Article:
Every day, Jamie Creamer, the 46-year-old bus driver for the South Portland school district, ushers his students to and from school—but he sees his job as more than that. He takes the time to get to know the kids, listening to their stories, protecting them from bullying, and even cheering them on at the events and competitions he takes them to.
According to WCSH, Creamer left a job at the Portland Department of Parks and Recreation for the bus driver gig—even though it paid less, he says it’s been absolutely worth it.
He drives everyone, from kindergarten to 12th grade. On the job for 12 years, he’s been there long enough to have seen a generation entirely through school. And over the years, his considerate attitude has paid off: he’s beloved by the student body, and he loves them in return.
“It’s not even like working,” he told the Portland Press Herald.
“It’s like I’m their uncle.”
Which made it hard on everyone when one day, Creamer wasn’t on the bus.
A few months ago, Creamer was diagnosed with throat and head cancer, and he’s been struggling through treatment ever since. While he was reluctant to leave his beloved post, he had to take a leave to focus on his health.
“He’s such a good kid,” district transportation coordinator Gloria Nelson said. “He worked as long as he could, but things are getting really tough for him now.”
He faced a tough road: his treatment plan included 35 radiation treatments and eight chemotherapy sessions, which always left him sick and tired.
Creamer was approaching his final chemotherapy appointment—but he was feeling so drained and exhausted that he was already giving up hope.
“I didn’t want to do it,” he told ABC News. “I was freezing, I felt sick, I didn’t want to go.”
The day arrived last Wednesday morning, and Creamer was admitted to Mercy Hospital’s Fore River Campus for one more chemo session.
While he was finally done, he was still feeling sick and dispirited in his hospital room.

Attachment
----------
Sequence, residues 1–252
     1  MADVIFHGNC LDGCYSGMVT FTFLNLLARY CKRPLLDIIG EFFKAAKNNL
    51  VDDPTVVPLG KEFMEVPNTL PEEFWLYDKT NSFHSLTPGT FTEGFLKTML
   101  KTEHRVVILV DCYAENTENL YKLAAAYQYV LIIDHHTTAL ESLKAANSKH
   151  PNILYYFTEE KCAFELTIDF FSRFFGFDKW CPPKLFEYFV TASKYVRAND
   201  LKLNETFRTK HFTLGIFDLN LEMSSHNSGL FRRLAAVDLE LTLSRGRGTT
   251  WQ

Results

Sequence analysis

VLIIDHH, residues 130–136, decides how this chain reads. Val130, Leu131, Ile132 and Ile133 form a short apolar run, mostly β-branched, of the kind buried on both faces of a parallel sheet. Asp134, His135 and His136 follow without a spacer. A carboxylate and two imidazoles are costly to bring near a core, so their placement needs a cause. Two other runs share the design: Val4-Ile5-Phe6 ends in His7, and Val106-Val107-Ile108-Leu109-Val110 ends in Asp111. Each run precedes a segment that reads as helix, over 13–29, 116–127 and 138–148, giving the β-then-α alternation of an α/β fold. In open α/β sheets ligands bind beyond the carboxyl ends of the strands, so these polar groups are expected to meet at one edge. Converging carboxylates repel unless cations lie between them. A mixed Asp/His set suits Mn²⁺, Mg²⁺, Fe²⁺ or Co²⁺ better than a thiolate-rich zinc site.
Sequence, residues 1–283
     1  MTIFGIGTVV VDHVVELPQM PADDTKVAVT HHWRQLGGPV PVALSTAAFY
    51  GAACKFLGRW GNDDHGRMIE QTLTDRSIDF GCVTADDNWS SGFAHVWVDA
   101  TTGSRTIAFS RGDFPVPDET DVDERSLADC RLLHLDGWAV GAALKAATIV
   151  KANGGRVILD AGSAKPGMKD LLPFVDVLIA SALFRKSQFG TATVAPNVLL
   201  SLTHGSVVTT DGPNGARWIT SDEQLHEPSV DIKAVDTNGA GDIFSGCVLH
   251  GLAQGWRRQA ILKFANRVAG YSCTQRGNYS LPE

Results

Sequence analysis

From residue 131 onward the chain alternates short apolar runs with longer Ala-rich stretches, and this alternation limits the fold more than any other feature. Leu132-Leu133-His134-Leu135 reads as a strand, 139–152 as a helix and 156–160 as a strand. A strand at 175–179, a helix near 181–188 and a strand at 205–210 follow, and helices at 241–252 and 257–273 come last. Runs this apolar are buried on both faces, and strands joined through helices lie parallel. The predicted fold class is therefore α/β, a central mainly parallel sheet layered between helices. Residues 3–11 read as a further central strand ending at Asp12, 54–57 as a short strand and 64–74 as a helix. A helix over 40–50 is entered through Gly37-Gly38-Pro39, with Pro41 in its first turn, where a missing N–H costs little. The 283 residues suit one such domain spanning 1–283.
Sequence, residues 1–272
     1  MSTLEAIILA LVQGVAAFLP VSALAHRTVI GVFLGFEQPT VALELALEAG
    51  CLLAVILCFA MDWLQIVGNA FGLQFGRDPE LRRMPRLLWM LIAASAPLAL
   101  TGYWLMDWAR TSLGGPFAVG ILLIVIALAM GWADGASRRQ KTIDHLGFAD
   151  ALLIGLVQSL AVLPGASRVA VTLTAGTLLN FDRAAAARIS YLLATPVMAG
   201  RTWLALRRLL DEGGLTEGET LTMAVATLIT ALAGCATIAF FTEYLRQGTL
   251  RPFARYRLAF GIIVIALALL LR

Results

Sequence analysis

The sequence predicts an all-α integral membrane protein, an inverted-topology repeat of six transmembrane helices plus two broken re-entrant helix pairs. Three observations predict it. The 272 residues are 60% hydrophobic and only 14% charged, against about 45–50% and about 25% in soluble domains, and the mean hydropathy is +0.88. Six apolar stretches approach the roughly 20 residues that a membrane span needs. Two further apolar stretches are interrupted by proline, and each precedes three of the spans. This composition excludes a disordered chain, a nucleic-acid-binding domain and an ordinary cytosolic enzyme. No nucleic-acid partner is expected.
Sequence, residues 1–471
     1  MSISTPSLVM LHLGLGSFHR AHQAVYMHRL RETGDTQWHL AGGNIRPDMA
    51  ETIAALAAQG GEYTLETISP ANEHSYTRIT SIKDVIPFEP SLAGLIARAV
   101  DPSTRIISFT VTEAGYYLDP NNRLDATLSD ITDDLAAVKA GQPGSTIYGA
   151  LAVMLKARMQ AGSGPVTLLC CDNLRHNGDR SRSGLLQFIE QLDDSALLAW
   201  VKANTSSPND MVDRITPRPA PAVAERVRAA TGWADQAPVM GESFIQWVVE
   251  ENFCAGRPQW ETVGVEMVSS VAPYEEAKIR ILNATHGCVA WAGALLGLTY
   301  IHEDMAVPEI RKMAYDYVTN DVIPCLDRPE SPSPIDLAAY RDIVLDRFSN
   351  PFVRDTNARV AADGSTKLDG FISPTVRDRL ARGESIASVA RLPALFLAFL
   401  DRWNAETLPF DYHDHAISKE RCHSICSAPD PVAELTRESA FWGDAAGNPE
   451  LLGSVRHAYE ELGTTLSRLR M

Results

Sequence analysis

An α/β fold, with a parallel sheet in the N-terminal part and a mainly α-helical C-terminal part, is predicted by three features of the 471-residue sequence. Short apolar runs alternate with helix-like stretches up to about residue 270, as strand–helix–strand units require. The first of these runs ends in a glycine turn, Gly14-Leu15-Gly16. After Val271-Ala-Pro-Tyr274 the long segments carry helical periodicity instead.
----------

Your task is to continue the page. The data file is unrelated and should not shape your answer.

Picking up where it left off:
But then, he saw something from his window that turned everything around…
His students were out in the parking lot for a surprise performance!
The students of the Portland High School marching band knew Creamer well: he was always the one taking them to their competitions, where he would cheer them on from the sidelines.
Creamer really was a fan of the band, something known to his wife, Tammy—who arranged the whole thing, knowing her husband would need a pick-me-up after the latest ordeal.
“It’s been a long journey and it’s going to continue to be a long journey,” Tammy told WCSH.
“I wanted him to be inspired, so I said the one thing for sure would be those kids.”
His students were more than happy to help make Creamer’s day, after all he had done to support them.
“It was really important to give back to the man who has gotten us through so many band seasons,” senior and tuba player Josh Hyssong told the Press Herald.
“I’m really glad we were able to make this gesture of support for him and to wish him well.”
Not only did they perform, they also unveiled a get well banner signed by the whole school:
And his fellow bus drivers paraded by his room in salute.
Creamer was stunned—it was exactly what he needed.
“I felt like crap until they came,” Creamer said. “Now I feel awesome. I feel so blessed.”
With the end of his treatments finally in sight, he’s more determined than ever to get better and return to his kids
“Being sick from the chemo each time, I know there’s an end to it now,” he told WCSH.